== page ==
Accept the Incompleteness of Your Work
Yesterday I preached on Sabbath-keeping and what I think is the real reason it’s so hard for us to engage such a life-giving practice. As I’m reflecting further this week on cultivating a Sabbath-oriented mindset throughout my days, I remembered a book I read a few years ago that nourished me. It’s called Sabbath in the City: Sustaining Urban Pastoral Excellence.
Bryan P. Stone and Claire E. Wolfteich wrote this short yet compelling book on “what constitutes pastoral excellence in the urban context” and “what sustains it.” The authors use results from their project, “Sustaining Urban Pastoral Excellence,” which piloted a program of rest and renewal for 96 urban pastors across the country. According to Stone and Wolfteich, there are four primary activities or modes of being that make up pastoral excellence (which they also refer to as “virtue”):
- The cultivation of holy, life-giving friendships, particularly with other pastors;
- Regular Sabbath practices of rest that allow for acts of both creation and liberation;
- A renewal of the spirit through disciplines like prayer, reading Scripture, and silence;
- Study and reflection on the theology and practice of ministry (the authors tie this in with the above activity, renewal of the spirit).
While the authors note that pastoral excellence thus constituted is applicable to other, non-urban settings, they emphasize the uniqueness of the urban context and how it can challenge and fatigue urban pastors. They describe the city as “a place of distractions, busyness, and frenzied activity.” In contradistinction to more affluent suburban parishes, the urban church is likely to function as a full-service institution that addresses the variegated needs of the city in which it resides. The authors follow the group of 96 participants and show how the four practices listed above helped them to cultivate and sustain pastoral excellence.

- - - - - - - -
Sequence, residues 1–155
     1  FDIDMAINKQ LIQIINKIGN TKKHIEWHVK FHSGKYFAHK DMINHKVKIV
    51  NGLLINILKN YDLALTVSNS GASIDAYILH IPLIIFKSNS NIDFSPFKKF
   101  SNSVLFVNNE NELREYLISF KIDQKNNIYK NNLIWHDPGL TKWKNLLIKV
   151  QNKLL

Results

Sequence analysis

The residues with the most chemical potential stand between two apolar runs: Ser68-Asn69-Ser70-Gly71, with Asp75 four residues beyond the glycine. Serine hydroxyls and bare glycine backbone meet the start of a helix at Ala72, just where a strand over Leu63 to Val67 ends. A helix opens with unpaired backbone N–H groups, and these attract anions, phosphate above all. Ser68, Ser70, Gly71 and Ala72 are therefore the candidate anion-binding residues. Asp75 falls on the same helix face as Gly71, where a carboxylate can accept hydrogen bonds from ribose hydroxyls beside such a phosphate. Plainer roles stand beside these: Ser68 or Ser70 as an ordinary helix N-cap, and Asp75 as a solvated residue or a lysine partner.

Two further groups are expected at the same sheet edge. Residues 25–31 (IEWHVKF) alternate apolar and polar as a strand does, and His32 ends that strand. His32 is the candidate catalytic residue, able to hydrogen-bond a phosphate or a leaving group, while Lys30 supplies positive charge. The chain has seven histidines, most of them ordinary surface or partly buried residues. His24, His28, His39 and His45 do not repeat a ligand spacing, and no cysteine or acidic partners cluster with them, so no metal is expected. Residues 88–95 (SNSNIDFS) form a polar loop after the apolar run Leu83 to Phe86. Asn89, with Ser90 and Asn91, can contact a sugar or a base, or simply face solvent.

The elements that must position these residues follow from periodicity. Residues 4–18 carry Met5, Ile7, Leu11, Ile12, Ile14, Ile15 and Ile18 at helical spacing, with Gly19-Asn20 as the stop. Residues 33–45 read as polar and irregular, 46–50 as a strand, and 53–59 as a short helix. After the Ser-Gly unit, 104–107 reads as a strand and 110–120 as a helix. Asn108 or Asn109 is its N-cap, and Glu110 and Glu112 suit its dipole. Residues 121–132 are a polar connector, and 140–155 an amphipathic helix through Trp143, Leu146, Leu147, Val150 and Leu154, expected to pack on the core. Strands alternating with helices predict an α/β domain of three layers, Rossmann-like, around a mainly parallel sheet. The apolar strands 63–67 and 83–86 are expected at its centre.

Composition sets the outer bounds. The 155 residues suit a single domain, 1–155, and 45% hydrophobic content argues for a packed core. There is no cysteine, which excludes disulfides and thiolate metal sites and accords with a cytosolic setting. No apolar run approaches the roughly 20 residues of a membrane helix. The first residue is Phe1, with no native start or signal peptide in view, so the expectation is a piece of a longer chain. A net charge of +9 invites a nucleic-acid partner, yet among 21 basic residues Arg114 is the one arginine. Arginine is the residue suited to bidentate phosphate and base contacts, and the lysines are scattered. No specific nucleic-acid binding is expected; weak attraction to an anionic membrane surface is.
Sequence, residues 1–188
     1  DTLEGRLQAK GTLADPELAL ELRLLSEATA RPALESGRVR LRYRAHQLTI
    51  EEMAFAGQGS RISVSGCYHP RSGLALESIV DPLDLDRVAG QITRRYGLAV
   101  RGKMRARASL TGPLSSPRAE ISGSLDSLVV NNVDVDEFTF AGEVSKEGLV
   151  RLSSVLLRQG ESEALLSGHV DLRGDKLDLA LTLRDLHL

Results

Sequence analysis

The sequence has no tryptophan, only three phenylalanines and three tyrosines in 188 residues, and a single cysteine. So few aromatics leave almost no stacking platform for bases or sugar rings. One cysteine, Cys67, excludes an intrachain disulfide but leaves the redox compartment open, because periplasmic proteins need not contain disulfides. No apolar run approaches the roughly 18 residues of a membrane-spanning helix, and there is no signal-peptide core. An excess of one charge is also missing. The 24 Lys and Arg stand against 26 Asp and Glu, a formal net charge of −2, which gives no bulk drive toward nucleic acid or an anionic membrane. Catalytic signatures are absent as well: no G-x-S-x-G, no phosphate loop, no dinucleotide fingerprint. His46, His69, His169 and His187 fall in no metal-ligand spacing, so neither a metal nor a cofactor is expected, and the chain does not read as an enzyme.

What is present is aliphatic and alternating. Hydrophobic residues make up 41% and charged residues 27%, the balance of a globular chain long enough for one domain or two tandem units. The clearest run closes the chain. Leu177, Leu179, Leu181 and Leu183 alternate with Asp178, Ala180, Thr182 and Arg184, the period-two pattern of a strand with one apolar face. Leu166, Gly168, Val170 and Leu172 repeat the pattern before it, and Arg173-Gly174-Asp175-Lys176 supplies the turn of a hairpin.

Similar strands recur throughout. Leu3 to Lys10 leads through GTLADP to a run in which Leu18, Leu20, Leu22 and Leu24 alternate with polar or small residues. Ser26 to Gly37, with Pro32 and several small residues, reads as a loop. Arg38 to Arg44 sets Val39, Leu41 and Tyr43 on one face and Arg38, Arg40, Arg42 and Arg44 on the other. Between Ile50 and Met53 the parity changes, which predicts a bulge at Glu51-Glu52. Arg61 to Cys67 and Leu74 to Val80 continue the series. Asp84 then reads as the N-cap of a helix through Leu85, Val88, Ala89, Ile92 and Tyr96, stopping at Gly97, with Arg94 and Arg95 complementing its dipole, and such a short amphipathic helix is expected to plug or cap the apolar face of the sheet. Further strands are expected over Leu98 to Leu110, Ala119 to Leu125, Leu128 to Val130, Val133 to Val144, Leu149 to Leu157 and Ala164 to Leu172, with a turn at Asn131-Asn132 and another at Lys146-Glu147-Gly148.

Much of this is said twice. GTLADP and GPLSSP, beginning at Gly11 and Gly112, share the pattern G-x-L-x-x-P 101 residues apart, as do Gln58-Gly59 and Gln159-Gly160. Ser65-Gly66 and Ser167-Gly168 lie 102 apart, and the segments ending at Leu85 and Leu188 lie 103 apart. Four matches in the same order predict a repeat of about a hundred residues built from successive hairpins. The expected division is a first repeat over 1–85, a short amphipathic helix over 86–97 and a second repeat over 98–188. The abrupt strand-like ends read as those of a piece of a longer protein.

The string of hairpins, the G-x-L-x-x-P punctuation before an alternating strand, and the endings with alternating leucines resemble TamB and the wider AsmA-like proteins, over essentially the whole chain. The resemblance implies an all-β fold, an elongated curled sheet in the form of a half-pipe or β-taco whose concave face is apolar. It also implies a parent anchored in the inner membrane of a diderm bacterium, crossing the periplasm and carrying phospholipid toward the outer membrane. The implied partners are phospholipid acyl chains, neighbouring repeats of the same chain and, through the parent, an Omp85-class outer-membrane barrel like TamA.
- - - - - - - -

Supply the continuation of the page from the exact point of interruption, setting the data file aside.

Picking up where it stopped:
Reading the book was itself an act of refreshment. Two aspects were most helpful to me:
First, the authors highlight the importance to pastors of cultivating holy, God-focused friendships. They write, “Friendships, then, are not simply a means of supporting a more healthy spiritual life. As some of the pastors in our project put it, ‘They are our spiritual life.’” The old African proverb is apropos here:
If you want to travel fast, travel alone. If you want to travel far, travel together.
Second, Sabbath-keeping is easier idealized than practiced. Stone and Wolfteich write,
[The] advice to accept the incompleteness of our work may be difficult to enact.
Though I didn’t have Sabbath in the City in mind at the time, the sermon I’ll post later this week interacts at length with this idea, i.e., why it is that we don’t take the Sabbath we know we want to take.
The book is intended for pastors in an urban setting, but even a suburban-dweller who is not involved in pastoral ministry will find rest and hope in Sabbath in the City.